Yes, that was part of the reason. I was also serving as a pandemic advisor to the Minnesota Timeberwolves early on, and the research collaboration arose from that. The NBA has been very forward thinking and has partnered with medical researchers around the nation to not only get the best testing and advice for their players but also advance science and bring back all sports safely.

During your research you worked with the NBA to determine how many players/staff had antibodies to COVID-19; can you disclose your findings in terms of percentages and whether or not professional athletes are more likely to have antibodies as opposed to your average human being?

I can’t go into details but the rates varied by team location and reflected rates in the community that the team was located in. The NBA was the first sports league to shut down, after some of their players tested positive. I think this was a wise decision and by cancelling games that brought huge crowds into stadiums, they likely saved many lives.

What were your thoughts before the NBA restarted in a bubble, in terms of how successful it could be at remaining COVID-free?

I wasn’t sure that it would work. Hats off to the NBA for staying the course, maintaining their strict protocols for testing and keeping players and staff safe. It was great to have sports back on TV – and I have a kid who is a huge LeBron fan – so the outcome of the Finals was celebrated at my house.

Do you have any fun or interesting stories from interacting with NBA players/staff during your research that you could/would be willing to share?

Not really...Will you settle for my personal view point that MJ is the GOAT? It is a running feud between the grownups and kids at my house (MJ vs LeBron) and I’d like to get some support for my viewpoint.

Before his mother passed away, Minnesota Timberwolves superstar Karl Anthony Towns donated $100,000 to the Mayo Clinic with the hopes that testing capabilities, availability, and Mayo Clinic’s overall COVID-19 response would be increased; Mayo Clinic expected this donation to help increase testing capacity from 200 per day to over 1,000 tests in the weeks that followed - was this accurate, and was the donation useful in helping other areas of COVID-19 research?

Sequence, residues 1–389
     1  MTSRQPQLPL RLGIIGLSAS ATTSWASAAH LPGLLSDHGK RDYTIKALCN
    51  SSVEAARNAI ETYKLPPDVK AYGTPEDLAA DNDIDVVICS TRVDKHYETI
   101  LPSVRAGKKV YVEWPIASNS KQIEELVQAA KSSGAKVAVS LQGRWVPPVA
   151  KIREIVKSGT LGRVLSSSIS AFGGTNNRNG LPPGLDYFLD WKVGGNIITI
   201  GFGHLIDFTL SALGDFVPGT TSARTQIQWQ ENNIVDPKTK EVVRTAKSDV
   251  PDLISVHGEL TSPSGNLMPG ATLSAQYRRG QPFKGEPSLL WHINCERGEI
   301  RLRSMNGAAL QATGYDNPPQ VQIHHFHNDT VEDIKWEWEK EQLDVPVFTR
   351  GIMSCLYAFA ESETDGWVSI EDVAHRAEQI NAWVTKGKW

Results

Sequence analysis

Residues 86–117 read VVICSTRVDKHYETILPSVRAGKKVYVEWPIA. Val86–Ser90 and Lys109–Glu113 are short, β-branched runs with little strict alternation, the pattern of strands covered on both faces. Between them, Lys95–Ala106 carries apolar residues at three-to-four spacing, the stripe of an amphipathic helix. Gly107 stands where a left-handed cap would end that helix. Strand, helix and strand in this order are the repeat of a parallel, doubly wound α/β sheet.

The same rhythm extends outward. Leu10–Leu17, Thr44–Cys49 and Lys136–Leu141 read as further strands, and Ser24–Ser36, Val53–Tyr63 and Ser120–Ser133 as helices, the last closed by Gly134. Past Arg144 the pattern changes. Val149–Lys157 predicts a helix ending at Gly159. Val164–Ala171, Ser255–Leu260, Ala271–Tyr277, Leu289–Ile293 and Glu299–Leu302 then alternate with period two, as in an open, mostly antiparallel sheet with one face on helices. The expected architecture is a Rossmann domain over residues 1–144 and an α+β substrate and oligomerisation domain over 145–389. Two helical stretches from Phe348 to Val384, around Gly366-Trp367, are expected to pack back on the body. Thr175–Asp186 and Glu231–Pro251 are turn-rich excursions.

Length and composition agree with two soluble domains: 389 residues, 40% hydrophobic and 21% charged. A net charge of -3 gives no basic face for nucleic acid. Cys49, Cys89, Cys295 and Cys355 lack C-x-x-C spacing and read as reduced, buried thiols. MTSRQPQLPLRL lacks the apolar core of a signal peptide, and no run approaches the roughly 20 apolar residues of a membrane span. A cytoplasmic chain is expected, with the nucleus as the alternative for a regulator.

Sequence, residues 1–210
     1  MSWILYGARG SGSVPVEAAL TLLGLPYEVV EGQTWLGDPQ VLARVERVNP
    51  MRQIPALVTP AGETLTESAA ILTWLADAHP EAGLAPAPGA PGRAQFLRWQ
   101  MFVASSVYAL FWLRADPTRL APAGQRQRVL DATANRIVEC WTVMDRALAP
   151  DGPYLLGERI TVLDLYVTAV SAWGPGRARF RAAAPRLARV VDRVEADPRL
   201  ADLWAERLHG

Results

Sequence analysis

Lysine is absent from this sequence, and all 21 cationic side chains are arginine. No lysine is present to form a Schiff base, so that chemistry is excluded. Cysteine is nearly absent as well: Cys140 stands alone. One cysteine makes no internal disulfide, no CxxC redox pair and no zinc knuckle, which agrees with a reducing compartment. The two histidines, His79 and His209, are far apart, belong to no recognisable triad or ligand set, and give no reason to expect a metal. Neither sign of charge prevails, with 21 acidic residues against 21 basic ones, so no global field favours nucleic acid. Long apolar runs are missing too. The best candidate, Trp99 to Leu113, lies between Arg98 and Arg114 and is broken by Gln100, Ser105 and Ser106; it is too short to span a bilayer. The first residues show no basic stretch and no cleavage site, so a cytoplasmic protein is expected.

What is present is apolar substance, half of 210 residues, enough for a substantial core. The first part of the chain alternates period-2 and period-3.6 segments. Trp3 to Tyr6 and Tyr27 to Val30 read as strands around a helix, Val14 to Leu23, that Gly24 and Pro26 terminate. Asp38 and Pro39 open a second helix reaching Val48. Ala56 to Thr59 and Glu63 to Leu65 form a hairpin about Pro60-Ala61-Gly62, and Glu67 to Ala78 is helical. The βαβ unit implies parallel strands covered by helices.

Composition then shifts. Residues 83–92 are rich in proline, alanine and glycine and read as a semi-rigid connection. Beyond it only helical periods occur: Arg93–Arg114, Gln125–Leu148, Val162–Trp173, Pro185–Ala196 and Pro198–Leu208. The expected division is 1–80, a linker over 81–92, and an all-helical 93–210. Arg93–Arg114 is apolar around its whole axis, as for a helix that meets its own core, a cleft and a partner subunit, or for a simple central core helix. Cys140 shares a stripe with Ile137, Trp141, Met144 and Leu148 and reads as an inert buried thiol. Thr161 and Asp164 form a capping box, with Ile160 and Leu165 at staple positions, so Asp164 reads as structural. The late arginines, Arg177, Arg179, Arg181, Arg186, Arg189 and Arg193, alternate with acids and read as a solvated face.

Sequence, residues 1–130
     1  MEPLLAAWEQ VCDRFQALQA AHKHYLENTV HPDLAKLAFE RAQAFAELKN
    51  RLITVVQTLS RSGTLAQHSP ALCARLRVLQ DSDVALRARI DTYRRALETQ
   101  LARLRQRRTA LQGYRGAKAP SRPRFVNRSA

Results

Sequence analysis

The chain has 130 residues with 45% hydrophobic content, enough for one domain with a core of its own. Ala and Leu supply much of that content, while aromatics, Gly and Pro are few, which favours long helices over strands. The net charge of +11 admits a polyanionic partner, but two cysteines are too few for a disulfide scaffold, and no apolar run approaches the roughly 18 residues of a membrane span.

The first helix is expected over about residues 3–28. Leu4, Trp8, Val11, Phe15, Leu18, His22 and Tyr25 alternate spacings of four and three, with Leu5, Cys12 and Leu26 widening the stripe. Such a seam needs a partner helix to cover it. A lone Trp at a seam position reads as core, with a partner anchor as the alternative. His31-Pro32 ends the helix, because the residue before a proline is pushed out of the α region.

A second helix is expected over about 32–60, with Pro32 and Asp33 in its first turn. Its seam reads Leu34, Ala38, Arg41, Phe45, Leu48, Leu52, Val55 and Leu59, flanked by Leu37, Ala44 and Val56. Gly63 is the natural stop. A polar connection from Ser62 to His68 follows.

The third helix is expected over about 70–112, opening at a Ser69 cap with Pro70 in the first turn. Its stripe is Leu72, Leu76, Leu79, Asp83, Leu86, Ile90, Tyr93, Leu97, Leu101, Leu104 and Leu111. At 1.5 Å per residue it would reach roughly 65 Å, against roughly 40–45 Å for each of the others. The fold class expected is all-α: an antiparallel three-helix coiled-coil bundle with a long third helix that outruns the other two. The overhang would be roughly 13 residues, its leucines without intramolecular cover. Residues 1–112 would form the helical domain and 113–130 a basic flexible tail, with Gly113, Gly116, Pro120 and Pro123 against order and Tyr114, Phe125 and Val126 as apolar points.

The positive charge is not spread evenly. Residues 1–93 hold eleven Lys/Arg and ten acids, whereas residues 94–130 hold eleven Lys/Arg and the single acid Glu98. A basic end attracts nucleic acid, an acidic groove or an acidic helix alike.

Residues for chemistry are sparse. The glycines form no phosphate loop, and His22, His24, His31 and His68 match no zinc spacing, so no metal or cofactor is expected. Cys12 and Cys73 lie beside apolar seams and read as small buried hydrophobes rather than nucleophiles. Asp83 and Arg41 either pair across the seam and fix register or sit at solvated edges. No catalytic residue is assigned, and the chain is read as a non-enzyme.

Yes, the funding did enable Mayo Clinic to ramp up testing, we now have perform more than 2000 tests/day. The NBA also funded Mayo Clinic research into whether plasma (which is a component of blood) from people who had recovered from COVID could be used as treatment in COVID infected individuals

Aside from work, what interests/hobbies do you take part in during your spare time? We dug through your twitter a little and saw that you’re passionate about watching your kids play soccer, Shahrukh Khan, and Peru - anything else?

I love reading and crosswords. I love to travel, my most amazing trip was to the Galapagos islands, followed by Antarctica. I have recently discovered Tamil movies and have been binge watching movies. My husband loves music and we watch a lot of music videos together. We are huge SPB fans and the last month has been really hard. Incidentally my husband first met SPB at a concert in Toronto organized by Arya Canada in 2013 – this led to a long friendship that was very, very meaningful to us.


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Recently you’ve been actively advocating for Americans to vote; earlier this summer, you also shared some of your thoughts on the Black Lives Matter movement which at the time was seeing a lot of traction; as a woman of colour, do you have any thoughts you would like to share regarding how we as a world can move closer towards bridging racial gaps that still exist in our society today?

Racism in America has received a lot of attention recently and I hope that after the 2020 election we can move towards real conversations about racism and other types of societal bias in this country. Acknowledging that systemic racism exists is the first step on a long and hard journey to overcoming it. But this problem is not unique to the United States– it is a worldwide phenomenon. Colonialism was at the root of racism, but South Asians have perpetuated racism, colorism, casteism and really institutionalized it. Matrimonial ads placed by the Indian diaspora are a case study in bias. As far as moving closer to bridging these gaps, I think that young people are the answer. If we adults do nothing other than not allowing our biases to influence the next generation, I think the world will be a better place. And of course, if we actually listen to what children have to say and work with them we can accelerate the pace of change.